Патент USA US2403872код для вставки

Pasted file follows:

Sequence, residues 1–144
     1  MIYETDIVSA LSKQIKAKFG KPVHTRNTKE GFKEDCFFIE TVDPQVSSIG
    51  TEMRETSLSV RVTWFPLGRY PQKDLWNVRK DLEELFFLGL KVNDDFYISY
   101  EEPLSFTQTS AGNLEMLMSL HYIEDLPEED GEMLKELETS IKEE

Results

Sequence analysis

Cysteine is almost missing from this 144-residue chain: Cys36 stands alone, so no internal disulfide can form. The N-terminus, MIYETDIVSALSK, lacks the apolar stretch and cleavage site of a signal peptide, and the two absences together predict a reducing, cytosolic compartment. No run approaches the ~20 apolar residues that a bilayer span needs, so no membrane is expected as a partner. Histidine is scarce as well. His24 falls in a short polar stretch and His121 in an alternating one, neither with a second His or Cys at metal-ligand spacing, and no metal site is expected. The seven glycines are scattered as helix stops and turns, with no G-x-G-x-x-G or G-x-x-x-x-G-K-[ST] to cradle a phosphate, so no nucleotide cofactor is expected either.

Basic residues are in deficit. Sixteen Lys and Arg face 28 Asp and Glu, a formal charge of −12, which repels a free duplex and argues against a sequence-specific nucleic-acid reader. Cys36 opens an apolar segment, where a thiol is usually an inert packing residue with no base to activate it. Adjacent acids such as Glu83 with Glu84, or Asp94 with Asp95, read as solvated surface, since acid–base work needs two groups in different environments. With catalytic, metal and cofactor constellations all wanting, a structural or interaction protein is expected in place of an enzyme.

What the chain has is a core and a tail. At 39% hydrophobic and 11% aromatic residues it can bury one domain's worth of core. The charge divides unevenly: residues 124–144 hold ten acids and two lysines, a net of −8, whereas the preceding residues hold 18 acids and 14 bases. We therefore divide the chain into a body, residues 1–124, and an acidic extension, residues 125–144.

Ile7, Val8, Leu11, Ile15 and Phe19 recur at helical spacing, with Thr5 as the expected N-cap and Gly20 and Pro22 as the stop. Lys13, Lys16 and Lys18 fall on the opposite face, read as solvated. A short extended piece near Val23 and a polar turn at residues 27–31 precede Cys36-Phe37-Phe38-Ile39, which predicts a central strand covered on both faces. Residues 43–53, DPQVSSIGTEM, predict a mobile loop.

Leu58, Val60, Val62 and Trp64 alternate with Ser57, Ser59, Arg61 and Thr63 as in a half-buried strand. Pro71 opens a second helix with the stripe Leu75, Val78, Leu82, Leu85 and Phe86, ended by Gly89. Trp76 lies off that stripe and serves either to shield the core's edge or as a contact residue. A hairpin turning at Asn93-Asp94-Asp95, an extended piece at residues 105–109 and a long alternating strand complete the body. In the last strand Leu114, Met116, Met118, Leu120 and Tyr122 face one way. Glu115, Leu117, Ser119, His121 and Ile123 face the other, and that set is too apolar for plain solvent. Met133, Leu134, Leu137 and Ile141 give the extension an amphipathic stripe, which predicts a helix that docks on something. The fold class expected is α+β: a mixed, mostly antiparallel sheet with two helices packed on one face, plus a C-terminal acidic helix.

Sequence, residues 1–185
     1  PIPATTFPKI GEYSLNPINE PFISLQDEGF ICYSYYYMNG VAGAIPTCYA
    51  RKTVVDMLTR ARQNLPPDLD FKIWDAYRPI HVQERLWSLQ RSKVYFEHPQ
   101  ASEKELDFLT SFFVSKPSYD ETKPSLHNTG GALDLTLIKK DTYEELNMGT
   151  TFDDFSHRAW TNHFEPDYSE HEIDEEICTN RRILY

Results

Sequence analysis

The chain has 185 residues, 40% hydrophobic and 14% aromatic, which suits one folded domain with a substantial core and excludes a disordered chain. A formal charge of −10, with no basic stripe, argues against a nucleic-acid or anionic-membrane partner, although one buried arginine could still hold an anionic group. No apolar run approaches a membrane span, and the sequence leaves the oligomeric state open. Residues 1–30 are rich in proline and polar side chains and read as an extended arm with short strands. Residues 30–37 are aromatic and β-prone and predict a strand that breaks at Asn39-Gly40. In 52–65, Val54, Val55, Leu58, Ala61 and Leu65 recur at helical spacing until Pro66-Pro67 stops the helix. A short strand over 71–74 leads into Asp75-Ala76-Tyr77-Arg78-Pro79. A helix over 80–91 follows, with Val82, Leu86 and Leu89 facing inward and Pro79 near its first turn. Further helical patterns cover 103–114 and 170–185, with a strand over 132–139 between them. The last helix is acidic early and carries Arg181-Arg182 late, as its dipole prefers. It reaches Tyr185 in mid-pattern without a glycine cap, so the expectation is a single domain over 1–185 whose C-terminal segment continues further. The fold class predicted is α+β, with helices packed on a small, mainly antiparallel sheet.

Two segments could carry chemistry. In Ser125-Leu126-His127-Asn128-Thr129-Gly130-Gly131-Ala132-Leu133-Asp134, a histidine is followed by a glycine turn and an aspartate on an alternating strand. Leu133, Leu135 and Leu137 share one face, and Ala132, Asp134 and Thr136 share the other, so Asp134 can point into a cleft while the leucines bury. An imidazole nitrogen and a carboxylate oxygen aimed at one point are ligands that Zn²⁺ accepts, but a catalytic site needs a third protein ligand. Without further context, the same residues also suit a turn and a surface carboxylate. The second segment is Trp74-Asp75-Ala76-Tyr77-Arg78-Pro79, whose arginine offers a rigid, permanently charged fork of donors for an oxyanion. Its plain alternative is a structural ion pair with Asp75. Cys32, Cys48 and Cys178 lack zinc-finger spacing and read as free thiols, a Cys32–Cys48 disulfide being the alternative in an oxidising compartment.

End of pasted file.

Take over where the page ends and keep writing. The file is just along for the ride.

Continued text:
name .isiys, 1m 2,403,812 ‘ . ' UNITED s'rA'rss PATENT orrics ' lmnmi'l’i’l'ismm ' ml.umer,nlnghamtom,morh Owens-Corning Fiberglas tien, acor ‘ poratien of Delaware No Drawing. Application Oetober so. isis. ‘ Serial No. 508,400 2 Claims. 1 . (01. 111-12) 'p 2 _ This invention relates to plastic laminates and similar products of resinous materials combined with ?brous reinforcing or ?lling material in the form of glass ?bers. More particularly,‘ it is concerned with improving the strength of plastic laminates embodying thermosetting type resins. especially urea and phenol formaldehyde, and rics with prior materials, this improved adhesion was not permanent under all moisture and heat variations to the extent that the plastic itself was. It is an object of the present invention to im prove the strengthof plastics reinforced or ?lled with ?brous‘ glass. ‘ It is a further object to increase the strength of plastic-glass ?ber combinations by improving Recently, ?lled 0r laminated'plastics have been the adhesion of the resinous material to the glass made of ?brous glass combined with resinous 10 ?ber surfaces.- In this way more of the strength materials of the type usually known as plastics. of the glass ?bers is realized. The ?brous glass is ordinarily in the form of mats In the present case the adhesion of the resinous ' material to the glass ?ber surfaces is markedly or webs of ?bers intermatted and in random ar rangement, in the form of fabrics of interwoven increased by providing a stable. uniform, heat and moisture resistant. very thin ?lm on the strands or yarns of glass ?bers,'or as sheets or webs of parallelly arranged glass ?ber bonded ?ber surfaces, that adheres tenaciously to the ' glass ?bers, glass ?ber yarns and cloth.‘ I together with resin or other suitable adhesive. These mats, fabrics or sheets are impregnated with resin, and a number of them are stacked and the resin cured under pressure and heat to pro the ‘?bers, fabrics or mats in a highly fluid state. - duce the plastic laminate. This ‘permits thorough and uniform impregnation , surfaces and to the resinous material. It is a further object of the invention to form thise?lmv-from materials that may be applied to The invention is also applicable to glass ?ber plastic combinations wherein loose glass ?bers are of the fabric or other body of ?bers and also per mits a desirably thin ?lm to be formed on the employed as a ?ll and are distributed haphaz- - ?ber surfaces. ardly-and in random arrangement throughout a The invention provides applying to the ?ber surfaces prior to the application of the plastic, body of resinous material. , - r v - The strength of plastic bodies, such as lam inates. ‘incorporating glass -?bers is ordinarily much higher than laminates made with organic ?brous materials, in addition to being affected by moisture and heat to a much less degree. The actual strength has, however. particularly in the ease _of certain plastics, not equalled the value theoretically obtainable with glass ?bers. This has been especially evident in the case of cer-' tain of the urea and phenol formaldehyde resins and is due apparently to lack of adhesion be tween the resin and the glass ?bers of the degree necessary to develop the full strength of the glass ' a combination of substances in a highly ?uid state. to coat each of the ?ber surfaces. The coated fabric is then dried at room or elevated tempera tures. During drying the substances react or par-' tially react to form a resinous ?lm on the ?ber surfaces that is very thin and that adheres tightly to the surfaces. The drying is preferably effected at su?lciently low temperature, say about 70' to 90° I"., so that the‘ reaction of the substances is not entirely completed. its a result. when the plastic, for instance urea formaldehyde. is ap- ' 'plied to the treated fabric and it is cured, the partially reacted substances may enter into the ?bers. ' 40 reaction of the plastic being cured to contribute further to the degree of adhesion between the In an effort to improve the adhesion of the cured plastic and the glass ?bers. plastic or resin to the ?brous .material the use Inpracticing the invention, two or more liquid of priming materials has been resorted to. Sub substances or substances in solution capable of stances such as gelatin, resins. and the like have . been applied to the glass ?ber fabrics prior to reacting to form a resinous material are com the application of the plastic. The materials bined and the liquid or solution is applied to the adapted to use as primers are limited by there- glass ?bers in suitable manner as by dipping a fabric or mat into a bath of the liquid. v'I'he fab ric is then dried leaving a very thin ?lm of resin quirement that they display high adhesion to the glass and also that they be fully compatible with the plastic. Until the present no primer has been suggested that combines these properties with moisture resistance and heat resistance of the order found in most thermosetting resins. As a result, although adhesion may have been bettered by the preliminary coating of the glass ?ber fab forming material on the ?ber surfaces. Very good results in adhesion improvement are obtained from the use of phenolic or cresylic aldehyde-type resin-forming materials; A num ber of such materials are available but it has been found preferable to employ a mixture of re asoae'ra 4 Various modi?cations of the invention may be made within the scope of the appended claims. I claim: 1. The method of making glass ?ber-resin com sorcinol and formaldehyde. For instance, a mix ture of equal parts of resorcinol and a 40% form aldehyde ‘solution in water has given exception ally favorable results. Cresol or phenol may be used in place of resorcinol. The glass ?ber fabric is dippedinto the solution and then dried at room temperature or slightly elevated tempera ture if desired. The very low viscosity of the solution assures that all the ?bers in the yarns binations which comprisesapplying to a glass ' ?ber fabric an ‘aqueous solution‘ of a potentially reactive unreacted mixture of formaldehyde and resorcinol having a low viscosity, drying the glass ?bers for a time and at a temperature sufiicient to dry the coating on the ?bers but vinsufllcient or strands of the fabric are reached and coated '10 'to completely react the constituents of the mix by the solution. ~ ture, to form a thin ?lm of partially cured resin on the ?ber surfaces, coating the dried glass The dried fabric is then impregnated with phenol or urea formaldehyde or similar resin and the resin is cured under heat and pressure. A plurality of impregnated fabrics are usually lam inated at the time of curing to form the plastic laminate. During curing of the resin impregnant, the resorclnol-formaldehyde mixture on the glass ?bers with a thermosetting urea formaldehyde resin, and curing the urea formaldehyde resin. 15. 2. The method of making glass ?ber-resin com binations which comprises applying to a glass ?ber fabric an aqueous solution of a potentially reactive unreacted mixture of equal parts of formaldehyde and a substance of the class con ?bers apparently reacts to provide a very thin 20 sisting of resorcinol, cre‘sol and phenol, drying ?lm on the ?ber surfaces that not only seems to adhere tightly to the surfaces but is also se the glass fibers for a time and at a temperature suf?cient to dry the coating on the ?bers but curely joined to the resin impregnant, possibly insu?icient to completely react the constituents of the mixture to form a thin ?lm of partially cured resin on the ?ber surfaces, and subsequent ly coating the dried glass ?bers with a formalde hyde resin and then curing the resin. in some cases even entering into the reaction of the resin as it is cured. Whether the effect at of the treating material is explained by this or some other phenomenon, it has been found by actual tests that the adhesion of aldehyde con densation product plastics such as urea formalde 80 hyde to glass ?bers is increased about 50 to 100%. KENNETHJ. MILLER.